Grace Hopper was a pioneer in computer programming whose accomplishments have had lasting influence.
A breezy introductory verse names some of Hopper’s most notable characteristics, including “Rule breaker. / Chance taker. / Troublemaker.” A prose narrative takes over, explaining how from early childhood she was fascinated by how things worked, disassembling clocks and creating a dollhouse elevator. Fortunately the white girl had parents who supported her talents at a time when women were not encouraged to attain higher learning, especially in math and science. When the country entered World War II, she enlisted in the WAVES, the women’s division of the Naval Reserve, overcoming age and weight restrictions. She worked on programs for the earliest computers and for each more complicated machine that followed, solving complex problems and eventually revolutionizing the use of word commands to replace the binary system. She is credited with first using the term “bug” to describe a computer glitch; she discovered that a moth had caused a computer to break down. She eventually became an admiral and remained in the Navy until she was 80. Wallmark’s tone is admiring, even awestruck, describing Hopper’s skill, inventiveness, and strength of character in straightforward, accessible language, introducing a neglected heroine to a new generation of readers. Wu’s strong, bright digital illustrations perfectly complement the text while incorporating Hopper’s own words in a variety of bold, eye-catching pull quotes scattered throughout the pages.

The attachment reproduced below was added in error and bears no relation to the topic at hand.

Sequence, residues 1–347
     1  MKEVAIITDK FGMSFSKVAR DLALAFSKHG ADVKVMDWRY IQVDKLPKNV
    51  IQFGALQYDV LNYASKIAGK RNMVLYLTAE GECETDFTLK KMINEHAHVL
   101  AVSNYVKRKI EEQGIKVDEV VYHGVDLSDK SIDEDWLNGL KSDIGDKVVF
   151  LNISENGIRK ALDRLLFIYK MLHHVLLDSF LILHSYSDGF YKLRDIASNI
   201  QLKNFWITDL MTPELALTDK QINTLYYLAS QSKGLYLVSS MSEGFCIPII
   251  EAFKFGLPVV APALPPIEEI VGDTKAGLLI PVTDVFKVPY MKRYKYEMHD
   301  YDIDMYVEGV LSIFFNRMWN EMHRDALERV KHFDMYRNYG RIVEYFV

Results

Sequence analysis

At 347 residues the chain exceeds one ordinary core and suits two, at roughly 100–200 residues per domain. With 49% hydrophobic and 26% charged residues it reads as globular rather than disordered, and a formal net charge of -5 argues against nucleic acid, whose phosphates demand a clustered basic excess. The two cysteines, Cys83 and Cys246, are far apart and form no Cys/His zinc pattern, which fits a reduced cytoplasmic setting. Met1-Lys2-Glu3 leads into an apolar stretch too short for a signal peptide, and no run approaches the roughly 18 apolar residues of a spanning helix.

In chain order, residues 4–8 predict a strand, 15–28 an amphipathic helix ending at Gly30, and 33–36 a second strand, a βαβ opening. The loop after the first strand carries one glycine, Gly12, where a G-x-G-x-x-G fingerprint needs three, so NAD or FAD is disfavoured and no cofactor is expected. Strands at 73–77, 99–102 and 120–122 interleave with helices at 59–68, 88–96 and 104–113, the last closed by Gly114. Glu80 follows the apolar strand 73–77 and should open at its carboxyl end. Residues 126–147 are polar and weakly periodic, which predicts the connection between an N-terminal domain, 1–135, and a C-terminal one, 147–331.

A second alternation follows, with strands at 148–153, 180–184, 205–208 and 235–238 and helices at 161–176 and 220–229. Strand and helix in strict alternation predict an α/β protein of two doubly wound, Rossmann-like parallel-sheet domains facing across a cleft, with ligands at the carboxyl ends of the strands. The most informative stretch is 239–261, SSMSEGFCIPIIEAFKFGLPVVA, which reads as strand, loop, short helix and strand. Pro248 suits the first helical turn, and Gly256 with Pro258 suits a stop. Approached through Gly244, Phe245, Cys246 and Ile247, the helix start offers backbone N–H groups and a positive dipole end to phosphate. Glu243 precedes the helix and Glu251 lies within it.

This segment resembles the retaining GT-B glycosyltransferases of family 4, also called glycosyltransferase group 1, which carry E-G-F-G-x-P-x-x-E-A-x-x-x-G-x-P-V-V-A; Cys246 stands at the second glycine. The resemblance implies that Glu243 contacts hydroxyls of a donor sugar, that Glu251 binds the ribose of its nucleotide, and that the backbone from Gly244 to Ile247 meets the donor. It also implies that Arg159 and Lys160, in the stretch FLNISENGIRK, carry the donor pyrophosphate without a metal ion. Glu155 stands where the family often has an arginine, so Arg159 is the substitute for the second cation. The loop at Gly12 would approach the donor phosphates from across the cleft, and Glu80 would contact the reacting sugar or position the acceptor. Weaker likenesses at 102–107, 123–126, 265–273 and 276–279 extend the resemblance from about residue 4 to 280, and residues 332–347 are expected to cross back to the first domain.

Amazing Grace indeed. (timeline, bibliography, list of honors) (Picture book/ biography. 7-12)